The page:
According to an advance release of the U.S. Geological Survey’s 2011 Minerals Yearbook, production of portland and masonry cement in the United States increased by 2.2 percent in 2011 to a total of 67.9 million metric tons (Mt). Monthly production was erratic overall, showing year-over-year gains of more than 10 percent in March, November and December, but declines or essentially stagnant outputs in the other months. While the 2011 output is welcomed as an improvement by the industry, it’s the third lowest since 1992 and was 31.4 Mt less than the record output in 2005.
As measured by sales to domestic final customers, U.S. consumption of cement increased by 2.6 percent to 72.3 Mt in 2011 after 5 years of consecutive declines; this was also the third lowest volume since 1992, and 55.7 Mt less than the record level in 2005. Only 16 states showed consumption declines of 1 percent or more in 2011; the largest decline was in Louisiana (down by 14.4 percent), which was likely due in part to severe rainfall from Tropical Storm Lee. Several states showed consumption gains of 10 percent or more; the largest relative increases were in the District of Columbia, a 63 percent increase; and North Dakota, up by 46 percent.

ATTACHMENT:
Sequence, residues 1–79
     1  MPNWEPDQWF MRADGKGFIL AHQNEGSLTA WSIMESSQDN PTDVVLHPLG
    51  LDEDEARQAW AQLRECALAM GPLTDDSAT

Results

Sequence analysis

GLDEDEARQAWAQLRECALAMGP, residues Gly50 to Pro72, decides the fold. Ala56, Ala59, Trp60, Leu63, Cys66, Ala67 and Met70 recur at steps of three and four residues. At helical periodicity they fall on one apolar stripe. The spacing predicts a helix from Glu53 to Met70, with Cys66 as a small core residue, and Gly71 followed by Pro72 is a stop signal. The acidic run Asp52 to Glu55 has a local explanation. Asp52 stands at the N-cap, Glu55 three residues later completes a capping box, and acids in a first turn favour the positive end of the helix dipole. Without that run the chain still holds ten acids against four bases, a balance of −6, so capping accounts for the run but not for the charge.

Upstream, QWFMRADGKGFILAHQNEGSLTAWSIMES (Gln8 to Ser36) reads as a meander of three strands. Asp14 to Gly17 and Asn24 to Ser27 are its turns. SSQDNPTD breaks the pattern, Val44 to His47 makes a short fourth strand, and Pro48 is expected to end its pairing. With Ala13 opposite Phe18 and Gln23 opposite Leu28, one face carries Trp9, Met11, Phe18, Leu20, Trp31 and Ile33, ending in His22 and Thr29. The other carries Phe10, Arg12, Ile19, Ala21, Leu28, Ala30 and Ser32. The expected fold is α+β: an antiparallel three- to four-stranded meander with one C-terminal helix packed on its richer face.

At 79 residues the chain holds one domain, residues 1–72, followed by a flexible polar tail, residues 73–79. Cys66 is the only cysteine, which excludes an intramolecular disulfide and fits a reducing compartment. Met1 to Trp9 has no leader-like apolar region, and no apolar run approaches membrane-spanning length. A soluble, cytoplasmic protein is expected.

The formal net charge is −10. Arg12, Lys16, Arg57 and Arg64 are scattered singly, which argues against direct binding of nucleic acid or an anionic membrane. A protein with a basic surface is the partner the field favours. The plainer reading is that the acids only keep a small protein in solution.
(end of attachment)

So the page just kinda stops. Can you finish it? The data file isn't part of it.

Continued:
Although cement sales in 2011 rose only modestly, portland cement sales for the fourth quarter were up by 7.5 percent and, together with increases in housing starts late in the year and other economic indicators of recovery, it was anticipated that cement sales might increase by as much as 10 percent in 2012. A return to consumption levels similar to the record years of 2005 and 2006 were not expected for at least another decade and only if the housing market and tax revenues to states (and hence public sector construction) recovered substantially.
The report also stated that world production of cement increased 10.4 percent to 3.61 billion metric tons (Gt) in 2011. Given their recent rapid rise in production, Brazil, Iran, Russia, Turkey and Vietnam all appeared poised to possibly overtake the United States in cement output within the next five years.